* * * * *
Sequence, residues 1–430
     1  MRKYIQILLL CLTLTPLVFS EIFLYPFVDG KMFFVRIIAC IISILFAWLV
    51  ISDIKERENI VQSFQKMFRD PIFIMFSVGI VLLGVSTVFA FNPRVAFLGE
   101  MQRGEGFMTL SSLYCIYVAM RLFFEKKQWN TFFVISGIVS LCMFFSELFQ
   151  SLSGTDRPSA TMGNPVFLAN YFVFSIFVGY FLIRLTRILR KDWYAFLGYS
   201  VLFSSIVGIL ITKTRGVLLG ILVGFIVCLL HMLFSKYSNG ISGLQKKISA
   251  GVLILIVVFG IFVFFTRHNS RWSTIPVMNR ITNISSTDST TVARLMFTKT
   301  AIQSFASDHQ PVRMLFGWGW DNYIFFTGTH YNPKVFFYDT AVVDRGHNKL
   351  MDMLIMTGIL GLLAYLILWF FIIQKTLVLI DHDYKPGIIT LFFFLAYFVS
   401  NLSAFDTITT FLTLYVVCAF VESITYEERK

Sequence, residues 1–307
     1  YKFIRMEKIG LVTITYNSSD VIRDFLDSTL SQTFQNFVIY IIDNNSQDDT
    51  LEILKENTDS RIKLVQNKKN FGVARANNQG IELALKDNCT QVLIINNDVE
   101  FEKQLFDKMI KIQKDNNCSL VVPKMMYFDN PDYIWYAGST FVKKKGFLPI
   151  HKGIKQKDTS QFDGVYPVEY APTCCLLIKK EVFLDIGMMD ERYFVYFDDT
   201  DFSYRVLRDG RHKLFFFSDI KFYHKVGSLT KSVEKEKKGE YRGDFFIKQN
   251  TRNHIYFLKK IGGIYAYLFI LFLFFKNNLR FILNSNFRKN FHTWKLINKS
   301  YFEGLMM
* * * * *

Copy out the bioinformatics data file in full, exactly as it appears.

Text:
Sequence, residues 1–430
     1  MRKYIQILLL CLTLTPLVFS EIFLYPFVDG KMFFVRIIAC IISILFAWLV
    51  ISDIKERENI VQSFQKMFRD PIFIMFSVGI VLLGVSTVFA FNPRVAFLGE
   101  MQRGEGFMTL SSLYCIYVAM RLFFEKKQWN TFFVISGIVS LCMFFSELFQ
   151  SLSGTDRPSA TMGNPVFLAN YFVFSIFVGY FLIRLTRILR KDWYAFLGYS
   201  VLFSSIVGIL ITKTRGVLLG ILVGFIVCLL HMLFSKYSNG ISGLQKKISA
   251  GVLILIVVFG IFVFFTRHNS RWSTIPVMNR ITNISSTDST TVARLMFTKT
   301  AIQSFASDHQ PVRMLFGWGW DNYIFFTGTH YNPKVFFYDT AVVDRGHNKL
   351  MDMLIMTGIL GLLAYLILWF FIIQKTLVLI DHDYKPGIIT LFFFLAYFVS
   401  NLSAFDTITT FLTLYVVCAF VESITYEERK

Sequence, residues 1–307
     1  YKFIRMEKIG LVTITYNSSD VIRDFLDSTL SQTFQNFVIY IIDNNSQDDT
    51  LEILKENTDS RIKLVQNKKN FGVARANNQG IELALKDNCT QVLIINNDVE
   101  FEKQLFDKMI KIQKDNNCSL VVPKMMYFDN PDYIWYAGST FVKKKGFLPI
   151  HKGIKQKDTS QFDGVYPVEY APTCCLLIKK EVFLDIGMMD ERYFVYFDDT
   201  DFSYRVLRDG RHKLFFFSDI KFYHKVGSLT KSVEKEKKGE YRGDFFIKQN
   251  TRNHIYFLKK IGGIYAYLFI LFLFFKNNLR FILNSNFRKN FHTWKLINKS
   301  YFEGLMM